“Exactly 100 years ago Sunday, on Feb. 3, 1913, Delaware became the 36th state to ratify the proposed 16th Amendment, making a nationwide income tax part of the Constitution,” writes Joseph Curl in the Washington Times. “America had collectively decided that the federal government could, henceforth, take Americans’ money ‘from whatever source derived,’ and decide, at a whim, how much to take from each citizen. Ah. Just as the Founders intended.”
It wasn’t the first income tax. President Abraham Lincoln levied that to pay for the Civil War.
“Incomes above $800 annually ($20,370 in 2012 dollars) were taxed at 3 percent,” Curl notes. “Yes, America’s first income tax was a flat tax.”
But it quickly became “progressive,” taking a higher percentage from those with higher incomes. That was an easier sell to Congress, but that body still made sure the income tax would expire in 1866.
“In a shocking turn never repeated in American history, a tax created by Congress actually did expire,” Curl says.
When Congress tried another income tax in the 1880s, the Supreme Court ruled it unconstitutional. That’s why it took several more decades and a constitutional amendment to get it enacted again.
“That first year, 1913, there were seven brackets, starting at 1 percent, ending at 7 percent,” Curl explains. “Taxes fell during the Depression, jumped during the New Deal (when the top rate hit 79 percent) and hit the big time during WWII: In 1944, the lowest bracket was 23 percent; the top bracket, 94 percent.”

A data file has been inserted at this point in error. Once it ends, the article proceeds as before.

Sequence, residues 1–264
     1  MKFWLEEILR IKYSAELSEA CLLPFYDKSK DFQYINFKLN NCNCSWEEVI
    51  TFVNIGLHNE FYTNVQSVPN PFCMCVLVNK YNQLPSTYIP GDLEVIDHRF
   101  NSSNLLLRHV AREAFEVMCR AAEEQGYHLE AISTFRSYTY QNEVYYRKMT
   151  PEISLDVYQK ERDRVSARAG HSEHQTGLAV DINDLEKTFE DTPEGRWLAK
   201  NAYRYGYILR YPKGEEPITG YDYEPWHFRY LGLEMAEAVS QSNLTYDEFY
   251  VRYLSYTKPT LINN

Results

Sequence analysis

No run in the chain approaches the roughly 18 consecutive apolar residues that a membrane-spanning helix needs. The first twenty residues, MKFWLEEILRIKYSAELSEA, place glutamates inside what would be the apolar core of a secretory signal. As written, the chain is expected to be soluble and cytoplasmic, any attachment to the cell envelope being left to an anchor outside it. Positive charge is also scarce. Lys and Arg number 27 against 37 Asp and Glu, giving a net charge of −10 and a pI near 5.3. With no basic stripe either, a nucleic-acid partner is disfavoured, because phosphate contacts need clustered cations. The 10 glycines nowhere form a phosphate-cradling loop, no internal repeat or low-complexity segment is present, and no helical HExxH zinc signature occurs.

Now, there’s no question the income tax is needed, and funds vital programs (tariffs and import duties and excise taxes just won’t cut it anymore). We’ve decided, as a nation, that the care of our elderly and our poor is a national responsibility. To pay for those things, as well as national defense, infrastructure and other spending, we’ve got to have a steady revenue stream.
It’s just that the income tax is such a muddy stream. The 16th Amendment was only 30 words long, but the income tax code now takes up 74,000 pages.
“Since 1913, technology has made most things smaller, more efficient and easier to use,” points out Scott A. Hodge of the Tax Foundation. “The tax code, however, has become huge, expensive and an annual anxiety. We need simplification now.”
President Barack Obama, in an interview before Sunday’s Super Bowl, agreed in principle, at least, that we need a simpler tax code. He also said rates should stay the same.
As always, the devil is in the details. And that’s why the 16th Amendment’s phrase “from whatever source derived,” is so troubling. It leaves so much up to the federal government.